What are the characteristics of game?
The key point of game is, most importantly, interactivity. It allows users freedom to choose which way to go instead of passively sit there and watch what is shown on the screen. Related to that is the ability to explore. Exploration can be aimless or with strong objectives, and to gain a full sense of game, a film should contain both of them, better to have stronger objectives, which I will come back to later.
How does POV increase its gamification compared with the first interactive film Kinoautomat?
Compared with Kinoautomat, POV has more questions and choices, which can decide the character’s personality and moral values, for example, whether Jane is homosexual or heterosexsual or bisexual, or whether it’s OK to snooping one’s life. And the options are more subtle and audience-oriented: aside of asking how do you feel about the characters and the story plots, it also propose questions on the audience’s own personality and values, indicating that the story will be based on our value systems. It gives us a sense of we are crafting these characters as well as the story, to create a story that conform to your anticipation, just as what Manovich said “allow the viewers to co-author a work”. Your choices do matter in how the story evolves and how it ends.
There are two specific columns, “Explore” and “Encounter” right after each chapter’s watching, which I subsume them into “Exploration”. “Exploration” broadens the scope of cinema viewing, bringing in the game element. And we can get a sense of detective which subsequently enhance suspense. Thinking about what all these detail means in regard of characters’ personalities and the cinema narratives, which will help understanding the following plots and affect the subsequent answer choosing, the viewers are actively engaged in storytelling.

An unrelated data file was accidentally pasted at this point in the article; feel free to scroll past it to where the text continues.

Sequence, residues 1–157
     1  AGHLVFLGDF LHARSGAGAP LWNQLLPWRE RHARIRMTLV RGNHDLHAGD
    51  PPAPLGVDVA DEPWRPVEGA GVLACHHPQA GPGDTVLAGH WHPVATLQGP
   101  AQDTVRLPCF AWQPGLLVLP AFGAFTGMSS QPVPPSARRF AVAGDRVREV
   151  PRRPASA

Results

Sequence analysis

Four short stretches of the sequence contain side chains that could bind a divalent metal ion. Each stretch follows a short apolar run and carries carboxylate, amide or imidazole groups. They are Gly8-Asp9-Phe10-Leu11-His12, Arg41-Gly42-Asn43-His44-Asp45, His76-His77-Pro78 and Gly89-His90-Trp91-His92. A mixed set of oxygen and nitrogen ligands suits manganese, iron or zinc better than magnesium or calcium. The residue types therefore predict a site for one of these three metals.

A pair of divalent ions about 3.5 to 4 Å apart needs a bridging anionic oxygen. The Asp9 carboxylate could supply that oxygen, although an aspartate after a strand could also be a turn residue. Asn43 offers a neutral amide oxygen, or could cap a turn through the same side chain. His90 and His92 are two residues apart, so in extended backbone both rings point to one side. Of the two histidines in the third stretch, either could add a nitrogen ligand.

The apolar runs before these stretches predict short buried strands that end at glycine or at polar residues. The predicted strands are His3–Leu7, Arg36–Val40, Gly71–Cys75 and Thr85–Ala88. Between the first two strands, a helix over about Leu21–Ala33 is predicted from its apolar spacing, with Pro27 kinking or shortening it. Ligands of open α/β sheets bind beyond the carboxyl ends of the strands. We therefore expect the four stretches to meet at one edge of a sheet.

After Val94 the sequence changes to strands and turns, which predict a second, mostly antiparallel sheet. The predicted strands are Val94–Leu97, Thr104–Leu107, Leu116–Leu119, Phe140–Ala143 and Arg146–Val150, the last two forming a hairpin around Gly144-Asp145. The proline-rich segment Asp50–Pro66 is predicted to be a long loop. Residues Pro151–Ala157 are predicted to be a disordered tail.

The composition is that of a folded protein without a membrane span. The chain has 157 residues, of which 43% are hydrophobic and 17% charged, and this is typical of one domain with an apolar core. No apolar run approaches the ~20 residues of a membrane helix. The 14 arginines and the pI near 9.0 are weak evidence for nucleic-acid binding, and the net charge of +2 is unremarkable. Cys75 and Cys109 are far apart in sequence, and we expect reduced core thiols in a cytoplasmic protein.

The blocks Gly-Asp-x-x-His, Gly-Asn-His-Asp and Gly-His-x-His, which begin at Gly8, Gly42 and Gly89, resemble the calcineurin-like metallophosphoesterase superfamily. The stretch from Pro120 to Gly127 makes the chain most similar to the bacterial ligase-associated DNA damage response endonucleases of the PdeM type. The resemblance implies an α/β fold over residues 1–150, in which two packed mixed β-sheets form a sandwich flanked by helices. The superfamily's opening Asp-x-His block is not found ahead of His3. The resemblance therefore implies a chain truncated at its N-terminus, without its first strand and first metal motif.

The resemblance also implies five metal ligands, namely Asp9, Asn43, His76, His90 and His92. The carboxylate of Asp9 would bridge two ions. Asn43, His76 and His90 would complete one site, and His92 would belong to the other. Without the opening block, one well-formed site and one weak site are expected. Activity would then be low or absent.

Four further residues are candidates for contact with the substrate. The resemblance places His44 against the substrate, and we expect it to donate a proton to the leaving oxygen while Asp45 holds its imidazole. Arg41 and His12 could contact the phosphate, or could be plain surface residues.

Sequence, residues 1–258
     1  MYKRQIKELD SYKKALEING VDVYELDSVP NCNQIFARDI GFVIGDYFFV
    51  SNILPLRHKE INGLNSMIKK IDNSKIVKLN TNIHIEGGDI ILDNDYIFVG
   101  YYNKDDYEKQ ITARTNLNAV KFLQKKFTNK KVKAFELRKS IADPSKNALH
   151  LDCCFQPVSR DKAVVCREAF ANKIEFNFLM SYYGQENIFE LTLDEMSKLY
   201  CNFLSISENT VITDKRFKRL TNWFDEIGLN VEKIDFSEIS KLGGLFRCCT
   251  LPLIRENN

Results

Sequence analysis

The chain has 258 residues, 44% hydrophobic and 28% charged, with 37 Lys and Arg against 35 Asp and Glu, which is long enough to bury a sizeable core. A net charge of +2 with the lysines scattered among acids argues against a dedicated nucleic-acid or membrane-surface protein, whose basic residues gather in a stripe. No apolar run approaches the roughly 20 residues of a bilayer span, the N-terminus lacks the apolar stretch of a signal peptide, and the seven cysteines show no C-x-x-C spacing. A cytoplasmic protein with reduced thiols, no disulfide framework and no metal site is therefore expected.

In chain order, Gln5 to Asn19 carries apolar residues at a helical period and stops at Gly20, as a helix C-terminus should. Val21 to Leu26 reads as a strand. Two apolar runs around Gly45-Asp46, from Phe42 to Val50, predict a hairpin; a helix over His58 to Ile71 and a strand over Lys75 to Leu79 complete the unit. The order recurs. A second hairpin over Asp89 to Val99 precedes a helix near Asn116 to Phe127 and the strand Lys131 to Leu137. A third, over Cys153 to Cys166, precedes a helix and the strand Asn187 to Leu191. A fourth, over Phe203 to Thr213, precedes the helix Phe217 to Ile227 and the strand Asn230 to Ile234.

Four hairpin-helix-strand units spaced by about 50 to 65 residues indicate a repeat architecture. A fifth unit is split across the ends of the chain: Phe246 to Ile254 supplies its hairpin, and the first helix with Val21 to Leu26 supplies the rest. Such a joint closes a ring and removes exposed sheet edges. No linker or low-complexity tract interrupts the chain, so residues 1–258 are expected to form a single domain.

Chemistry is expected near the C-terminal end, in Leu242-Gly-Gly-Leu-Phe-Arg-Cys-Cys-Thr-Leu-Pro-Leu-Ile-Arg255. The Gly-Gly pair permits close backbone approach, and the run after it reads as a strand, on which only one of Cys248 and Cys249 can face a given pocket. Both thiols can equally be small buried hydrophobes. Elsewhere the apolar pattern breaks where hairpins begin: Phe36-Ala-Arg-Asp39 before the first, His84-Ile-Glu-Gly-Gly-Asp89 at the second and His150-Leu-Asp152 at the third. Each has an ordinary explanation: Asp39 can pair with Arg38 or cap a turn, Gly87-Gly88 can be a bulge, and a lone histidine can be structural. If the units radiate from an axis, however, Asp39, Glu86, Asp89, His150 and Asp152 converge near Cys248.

Speaking of the exploration in game, I want to bring up a game launched last year “Detroit: Become Human”, which boasts in game “cinematification”. While watching, I would like to have you guys pay attention on the exploration and the objectives of the player.
Compared with POV, how does Detroit demonstrate a stronger sense of interactivity?
The whole playing course of Detroit is also like watching a film. Since in the era of media convergence, the two tendency of gamification in cinema and cinematification in game seems to be converge. Interactive cinema seems to be more “gameful” , so learning from game is quite useful especially in games of cinematification. Coming back to the Exploration part, POV only allows the viewers to explore a couple of items, and all of them are displayed on the screen, which making me feel like they are asking or forcing the viewers to click on. I clicked on them all because I feel like compulsive. And it doesn’t allow viewers to explore freely around the setting. Detroit makes the exploration worth its name: users can hang around in the locale to see the setting in 360 degrees, you are asked to find someone or some trace but you don’t know where exactly it is, that makes the exploration more exciting. And you might miss some important trace, which will lower your success chance in a certain task. During exploration, you might also finds some interesting details which is irrelevant to the story plots, but that contributes a lot of fun in playing.